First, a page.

Oil Cartel Moves to Discuss Switching Dollars for Basket of Currencies



24 November 2007: When the Euro was adopted as currency for consumers in Europe, the price of oil per barrel was about $23, or €27.60 in 2001. As time wore on, the European Union surpassed the United States as the world's No.1 economy in 2006, and its currency had appreciated about 87 percent by November 2007.

As of 23 November 2007, per barrel oil flirted with $100 and closed at $98.18 for January delivery. A barrel bought with Euros would be about €66. For those trading in dollars oil is up 66 percent in 12 months, but in Euros the price is up 39 percent. Two of the world's oil producing leaders say there is plenty of room for the price to increase further without impacting the world's "other" currencies.

Venezuela's President Hugo Chavez, and Iran's President Mahmoud Ahmadinejad rallied OPEC this week to switch from dollars to a basket of currencies as the dollar loses relevancy in the global marketplace.

Saudi Arabia however did not agree with the concept since the Royal Family is joined at the hip with politicians in the United States. Saudi Arabia's foreign minister blasted the proposal as irresponsible and added that discourse of this kind in public could cause undo harm to the dollar.

Nonetheless, OPEC's finance ministers agreed to review the proposal and to discuss abandoning the weakening dollar for a basket of currencies.

While such a move would still hold a percentage of is interesting to plug-in projected euro-to-dollar rates simply to show how such a complete switch would affect consumers in the United States.

The European Union's economy is "go slow" -- but it registers consistent and steady growth. Participating nations do not fund wars or plunge into debt to power-up a military. Consumers across Europe do not overspend either. The United States however is totally dependent upon consumer debt to grow its economy (shopping until they drop) and it accounts for nearly half of the world's total military spending.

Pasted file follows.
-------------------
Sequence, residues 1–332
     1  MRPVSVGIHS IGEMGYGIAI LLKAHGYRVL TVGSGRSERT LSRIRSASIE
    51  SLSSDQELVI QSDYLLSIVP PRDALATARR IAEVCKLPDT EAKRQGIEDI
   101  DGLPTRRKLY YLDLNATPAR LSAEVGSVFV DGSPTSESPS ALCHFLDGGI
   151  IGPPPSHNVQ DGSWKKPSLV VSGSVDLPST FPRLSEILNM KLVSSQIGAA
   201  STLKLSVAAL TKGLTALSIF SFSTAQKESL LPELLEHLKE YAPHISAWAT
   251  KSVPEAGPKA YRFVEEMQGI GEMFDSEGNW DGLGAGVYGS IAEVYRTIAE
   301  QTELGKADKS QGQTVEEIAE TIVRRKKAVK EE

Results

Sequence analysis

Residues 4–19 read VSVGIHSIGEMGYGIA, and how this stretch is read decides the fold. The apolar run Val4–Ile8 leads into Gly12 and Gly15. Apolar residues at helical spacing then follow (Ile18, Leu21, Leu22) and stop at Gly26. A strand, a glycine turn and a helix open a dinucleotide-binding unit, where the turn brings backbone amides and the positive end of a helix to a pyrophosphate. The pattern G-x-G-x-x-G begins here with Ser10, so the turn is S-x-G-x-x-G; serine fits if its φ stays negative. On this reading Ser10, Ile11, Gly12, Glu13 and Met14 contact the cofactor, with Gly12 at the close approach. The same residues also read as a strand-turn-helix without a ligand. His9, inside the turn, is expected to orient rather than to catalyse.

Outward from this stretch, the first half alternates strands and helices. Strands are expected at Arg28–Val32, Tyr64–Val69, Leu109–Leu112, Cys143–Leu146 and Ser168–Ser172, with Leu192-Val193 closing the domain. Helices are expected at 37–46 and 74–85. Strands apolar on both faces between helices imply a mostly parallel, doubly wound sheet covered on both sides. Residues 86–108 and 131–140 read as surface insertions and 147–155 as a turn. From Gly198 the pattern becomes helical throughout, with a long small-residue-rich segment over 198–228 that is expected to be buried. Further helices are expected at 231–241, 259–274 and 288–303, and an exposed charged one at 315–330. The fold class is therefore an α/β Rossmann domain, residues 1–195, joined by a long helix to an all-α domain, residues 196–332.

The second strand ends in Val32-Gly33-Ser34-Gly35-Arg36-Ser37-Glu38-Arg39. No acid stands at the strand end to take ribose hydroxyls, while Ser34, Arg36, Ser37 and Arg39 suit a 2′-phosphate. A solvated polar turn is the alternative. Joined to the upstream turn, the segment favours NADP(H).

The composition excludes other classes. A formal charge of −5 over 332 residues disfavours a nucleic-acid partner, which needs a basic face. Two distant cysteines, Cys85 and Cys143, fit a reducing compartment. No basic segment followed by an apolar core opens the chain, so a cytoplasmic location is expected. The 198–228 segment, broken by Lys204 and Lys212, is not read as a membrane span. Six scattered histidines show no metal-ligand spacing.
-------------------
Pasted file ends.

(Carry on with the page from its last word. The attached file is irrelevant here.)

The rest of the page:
Some givens for the example to work: Oil remains stable (at $98 a barrel;) inflation is nil; and the euro continues to increase as expected against the dollar simply because their economy is indeed more stable. That scenario could put oil at about €70 per barrel, but in dollar terms it would be $133 (based upon highest expectations of €1=$1.88) in two years. Politics aside though, oil, inflation, and currencies will fluctuate...even if political leaders got-on well together.

But don't expect Venezuela or Iran to change their strong sentiment against the United States before January 2009 at the very least. President Chavez views Iran as Venezuela's brother country, "united like a single fist," he said.

"God willing, with the fall of the dollar, the deviant U.S. imperialism will fall as soon as possible, too," President Chavez said. Although the United States lacks the military might to attack another country, depsite increased military spending, Chavez insists Washington is planning an attack on Iran in which case would cause oil to spike to $200 per barrel he said from Tehran.

Venezuela's leader argues that the euro is a better and more stable currency and that South America too is considering a common currency to avoid any paper ties with the imperial United States.

Iran's leader added that he shares common views with President Chavez and together god is on their side to defeat the United States.

Iran and Venezuela agreed to create a joint bank and numerous oil-industry related subsidiaries this past week. The two nations are already building joint petrochemical facilities on their home turf.

Their trading partners will be centered upon the Asian continent, which will account for the majority of oil demand in coming years, and in all countries south of the United States' border.


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